The market has been full of beautiful peppers. The usual bell peppers in red, orange, yellow and green, jalapeños, Hungarian wax, Trinidadian perfume, poblanos, and fiery habañeros.
They are bright and inviting, but to be honest, I hardly know what to do with most of them. Oh, I use bell peppers in all sorts of ways, and I throw jalapeños and serranos into salsas and guacamoles, and I use the occasional Thai bird chile in a stir fry (and I’ve even gotten reasonably adept at what to do with the dried varieties, but that’s another story). But there is a vast world of chiles and peppers I’ve never cooked with. I’ve optimistically brought home baskets of them only to find shriveled specimens lying sadly in the bottom of the refrigerator a few weeks later.
But this year I was determined to expand my pepper universe, at least a little.
And when I came across Melissa Clark’s recipe for a hot sauce based on Sriracha, I knew I had to give a go. I returned from the farmers market armed with habañeros and red bell peppers and a bulb of New York white garlic and went to work.
It was surprisingly easy (I don’t know why I imagined it would be difficult…). After about ten minutes of chopping and ten minutes of cooking (and several days of resting) I had two lovely little jars of fiery orange-red sauce.
This stuff packs a wallop. It is, to my tastebuds at least, significantly hotter than Sriracha. But it is also brighter and more complex.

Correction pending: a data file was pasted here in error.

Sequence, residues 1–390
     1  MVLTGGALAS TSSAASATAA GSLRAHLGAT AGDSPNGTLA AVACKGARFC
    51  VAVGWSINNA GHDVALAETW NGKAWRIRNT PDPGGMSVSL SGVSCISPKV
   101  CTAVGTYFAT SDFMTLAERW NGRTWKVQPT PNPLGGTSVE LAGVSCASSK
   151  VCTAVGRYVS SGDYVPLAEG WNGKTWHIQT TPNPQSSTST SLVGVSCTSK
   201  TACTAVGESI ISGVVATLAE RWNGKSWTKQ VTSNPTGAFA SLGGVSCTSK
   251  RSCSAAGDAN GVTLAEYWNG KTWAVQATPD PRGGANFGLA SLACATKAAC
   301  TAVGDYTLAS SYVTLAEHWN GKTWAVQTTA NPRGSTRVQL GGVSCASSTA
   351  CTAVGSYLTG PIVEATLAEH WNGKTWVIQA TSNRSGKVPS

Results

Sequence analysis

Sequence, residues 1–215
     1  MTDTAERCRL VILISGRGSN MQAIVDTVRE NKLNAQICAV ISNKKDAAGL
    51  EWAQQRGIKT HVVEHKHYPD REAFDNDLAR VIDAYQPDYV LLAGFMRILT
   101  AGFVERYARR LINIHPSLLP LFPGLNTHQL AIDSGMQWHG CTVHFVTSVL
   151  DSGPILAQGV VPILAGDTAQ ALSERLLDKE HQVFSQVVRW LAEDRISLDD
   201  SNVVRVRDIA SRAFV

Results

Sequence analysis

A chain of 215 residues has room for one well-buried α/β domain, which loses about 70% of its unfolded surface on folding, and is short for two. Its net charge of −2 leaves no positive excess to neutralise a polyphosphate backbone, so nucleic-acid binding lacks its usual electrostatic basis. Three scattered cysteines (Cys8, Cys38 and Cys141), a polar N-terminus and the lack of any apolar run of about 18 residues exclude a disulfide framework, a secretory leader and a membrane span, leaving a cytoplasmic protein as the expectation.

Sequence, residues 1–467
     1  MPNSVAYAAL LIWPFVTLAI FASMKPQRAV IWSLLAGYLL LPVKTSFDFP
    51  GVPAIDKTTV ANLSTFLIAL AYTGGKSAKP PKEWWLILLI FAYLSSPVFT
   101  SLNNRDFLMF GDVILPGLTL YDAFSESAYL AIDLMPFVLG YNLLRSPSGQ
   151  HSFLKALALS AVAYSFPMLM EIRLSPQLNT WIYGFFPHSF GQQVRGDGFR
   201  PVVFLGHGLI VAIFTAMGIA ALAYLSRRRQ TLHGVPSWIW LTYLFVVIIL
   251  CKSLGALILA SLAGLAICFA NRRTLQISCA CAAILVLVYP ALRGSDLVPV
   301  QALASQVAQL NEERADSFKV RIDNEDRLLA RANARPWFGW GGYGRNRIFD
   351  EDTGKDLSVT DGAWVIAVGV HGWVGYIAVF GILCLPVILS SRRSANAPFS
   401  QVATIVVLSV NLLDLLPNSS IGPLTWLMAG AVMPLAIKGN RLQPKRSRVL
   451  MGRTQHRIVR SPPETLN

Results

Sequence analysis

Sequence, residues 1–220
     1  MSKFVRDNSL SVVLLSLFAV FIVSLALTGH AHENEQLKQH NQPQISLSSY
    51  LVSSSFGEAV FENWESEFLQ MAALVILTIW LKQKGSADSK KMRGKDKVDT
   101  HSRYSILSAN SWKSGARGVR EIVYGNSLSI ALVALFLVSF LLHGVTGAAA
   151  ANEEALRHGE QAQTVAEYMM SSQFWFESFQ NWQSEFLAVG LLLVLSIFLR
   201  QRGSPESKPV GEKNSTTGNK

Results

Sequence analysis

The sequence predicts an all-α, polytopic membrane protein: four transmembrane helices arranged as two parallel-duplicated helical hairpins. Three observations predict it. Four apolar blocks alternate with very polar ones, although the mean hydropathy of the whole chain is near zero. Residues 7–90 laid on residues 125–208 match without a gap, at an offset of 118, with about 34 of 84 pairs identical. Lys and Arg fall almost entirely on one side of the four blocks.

Next time, I might leave out the habañero seeds for something a little tamer. But heat fiends will love it as is. And since it keeps for a long long time in the refrigerator, I can enjoy it in small quantities without worrying that it will go to waste.
Garlic Habañero Hot Sauce
Source: adapted from Melissa Clark in The New York Times
It is a good idea to use a pair of latex gloves when handling peppers this hot, and avoid inhaling the fumes when the peppers are cooking. This hot sauce is spicier than the Sriracha that inspired it, so use start small when adding it to a dish–you can always add more later. Those looking for a slightly tamer hot sauce should remove the seeds and white parts of the habañeros before adding them to the sauce pan.
2 medium red bell peppers
5 cloves of garlic
3/4 cup white vinegar
1 teaspoon kosher or sea salt
special equipment: latex gloves
Roughly chop the bell peppers and garlic. Wearing latex gloves, chop the habañeros. Remove the seeds for a moderately hot sauce, leave them in if you like things extra hot.
In a medium nonreactive sauce pan with a lid, add the peppers, garlic, and white vinegar. Bring to a boil (take care not to inhale the fumes), turn heat down to low, cover, and simmer for about 10 minutes or until peppers are pierced easily with a knife.
Remove from heat, stir in salt, and puree with an immersion blender (or in a standard blender). Pour into two 8-ounce jars or one 16-ounce jar. Allow to cool before covering. Chill in the refrigerator for a week before using.
Keeps for months in the refrigerator.
Yield: about 2 cups.